At last a bit of sunshine and the chance to take advantage of it. Myself and my Raleigh Twenty set out for another pootle yesterday, taking the Thames path east from Deptford to the Thames Barrier in a very leisurely fashion.
Through the grounds of the Trinity School of Music the practice rooms all had their windows open, with random sounds drifting across the grass. We headed down the narrow waterside path, past the Cutty Sark and on to one of my favourite paths, the industrial grit of the Greenwich peninsula. I need to start savouring this route more; it is destined to change dramatically in the coming years and planned development will no doubt bring a sterile glamour to it. This is where I come for a bit of head space, it seems so disconnected from the rest of Greenwich and is somewhere that offers some solitude and peace, normally so difficult to achieve.
After passing the first blocks of the Lovell's Wharf development, a major scheme that will really change the face of this route, I followed the narrow path alongside the old Alcatel and Tunnel Refineries plants, both of which are in the process of being demolished. A few other loners with cameras and/or bikes were also pootling along, as well as a group of teens who looked like they were bunking off school.
I sat on a lonely bench opposite Canary Wharf and enjoyed the sunshine while I ate my sandwich. It was pretty warm and gloriously peaceful.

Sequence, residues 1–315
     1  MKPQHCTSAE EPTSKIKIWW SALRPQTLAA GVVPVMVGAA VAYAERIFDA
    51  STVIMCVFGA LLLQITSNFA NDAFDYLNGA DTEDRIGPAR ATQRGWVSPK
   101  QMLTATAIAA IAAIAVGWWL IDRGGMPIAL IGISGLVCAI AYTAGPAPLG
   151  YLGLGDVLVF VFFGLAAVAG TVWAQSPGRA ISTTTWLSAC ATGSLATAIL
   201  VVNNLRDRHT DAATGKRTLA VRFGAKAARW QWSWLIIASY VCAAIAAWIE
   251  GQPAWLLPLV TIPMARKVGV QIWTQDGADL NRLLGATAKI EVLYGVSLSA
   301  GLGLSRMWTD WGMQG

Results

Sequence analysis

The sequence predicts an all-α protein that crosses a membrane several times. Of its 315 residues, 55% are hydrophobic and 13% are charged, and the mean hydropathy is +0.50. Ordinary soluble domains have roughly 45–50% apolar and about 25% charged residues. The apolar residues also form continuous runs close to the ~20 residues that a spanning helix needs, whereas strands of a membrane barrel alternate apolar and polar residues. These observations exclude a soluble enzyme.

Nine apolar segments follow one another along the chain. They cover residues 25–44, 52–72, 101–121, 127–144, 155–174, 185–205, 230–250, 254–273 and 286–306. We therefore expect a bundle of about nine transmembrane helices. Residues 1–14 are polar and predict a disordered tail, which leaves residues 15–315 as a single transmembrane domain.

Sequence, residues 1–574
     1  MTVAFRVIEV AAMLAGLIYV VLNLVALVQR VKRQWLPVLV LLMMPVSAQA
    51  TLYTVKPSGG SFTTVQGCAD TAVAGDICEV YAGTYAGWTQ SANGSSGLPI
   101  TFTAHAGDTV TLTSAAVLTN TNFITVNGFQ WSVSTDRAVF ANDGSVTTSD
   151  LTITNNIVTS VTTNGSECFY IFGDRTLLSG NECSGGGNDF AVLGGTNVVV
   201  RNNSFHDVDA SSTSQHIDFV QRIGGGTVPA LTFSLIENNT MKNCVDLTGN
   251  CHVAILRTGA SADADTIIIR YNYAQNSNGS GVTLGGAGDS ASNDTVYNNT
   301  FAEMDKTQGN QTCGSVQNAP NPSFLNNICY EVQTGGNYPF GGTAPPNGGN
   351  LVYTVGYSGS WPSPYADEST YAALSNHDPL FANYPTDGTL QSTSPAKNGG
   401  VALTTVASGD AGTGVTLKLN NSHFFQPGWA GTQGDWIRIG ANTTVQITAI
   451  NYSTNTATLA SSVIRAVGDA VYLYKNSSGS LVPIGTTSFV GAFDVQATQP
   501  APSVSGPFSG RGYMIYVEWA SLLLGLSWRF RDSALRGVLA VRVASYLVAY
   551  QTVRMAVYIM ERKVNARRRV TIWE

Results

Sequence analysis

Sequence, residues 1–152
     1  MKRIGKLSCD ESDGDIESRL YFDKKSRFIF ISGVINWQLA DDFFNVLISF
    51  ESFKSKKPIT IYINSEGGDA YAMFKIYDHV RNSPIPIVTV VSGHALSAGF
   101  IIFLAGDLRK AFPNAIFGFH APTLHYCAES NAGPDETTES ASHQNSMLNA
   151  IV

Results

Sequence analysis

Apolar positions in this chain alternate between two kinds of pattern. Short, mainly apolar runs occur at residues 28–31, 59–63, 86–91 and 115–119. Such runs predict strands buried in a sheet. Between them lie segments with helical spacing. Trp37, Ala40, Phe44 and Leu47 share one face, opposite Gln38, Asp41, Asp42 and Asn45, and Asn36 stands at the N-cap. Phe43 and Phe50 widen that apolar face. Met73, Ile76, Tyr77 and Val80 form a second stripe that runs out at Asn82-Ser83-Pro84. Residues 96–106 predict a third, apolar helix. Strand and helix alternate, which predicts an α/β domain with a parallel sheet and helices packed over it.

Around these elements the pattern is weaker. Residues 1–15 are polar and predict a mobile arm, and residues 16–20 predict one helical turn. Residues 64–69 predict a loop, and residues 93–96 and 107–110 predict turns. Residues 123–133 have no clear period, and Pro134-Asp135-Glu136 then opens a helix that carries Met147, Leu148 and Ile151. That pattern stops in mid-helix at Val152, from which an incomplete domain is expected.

Round by the Thames Clipper pier I nipped inland to explore the new plaza at the middle of the Greenwich Peninsula development. An enormous twisted stainless steel spire has been erected in the middle of it, provoking me to shudder at the pointlessness of it all (although it is in fact very pointed, as you can see from the picture!).
The big black building will become the new home of Ravensbourne College of Design & Communication, which is relocating from Chislehurst.
But first these poor saps have got to erect the 'rain shield' (er I think that's cladding to you and I) on all sides of it. Luckily the tiles don't seem to have to be put into place one at a time, as I saw them lifting in a piece made up of about ten or twenty all fixed together. But it does seem like a hideous waste of money, not to mention time, just to create a hideous building!
Here's a link to the Foreign Office Architects, the firm which designed it. Just to translate the architect-speak for you: it's a big building with not many windows; we can get away with this because many of the facilities such as film studios don't need natural etc; the cladding design is inspired by Gothic rose windows and flower patterns, but it is applied in a mathematical way (I think this means they had to use a computer and some equations to work out the design of the tiles).
I moved on to the Thames Barrier for some reflection on calmer structures, although perhaps still rather ostentatious.
A final highlight was a new bird ID - saw a few pairs of teal dabbling around on the edges of the river in the company of a few pairs of mallards. Their heads looked totally brown, I could not distinguish the green patch, but the yellow rear and white stripe along the wing was very distinctive. I was glad of the presence of the Greenwich Peninsula Ecology Centre so that I could pop in and borrow one of their bird books to make an instant ID and avoid the common problem of forgetting all about it by the time I got home!
The National Archives
43 minutes ago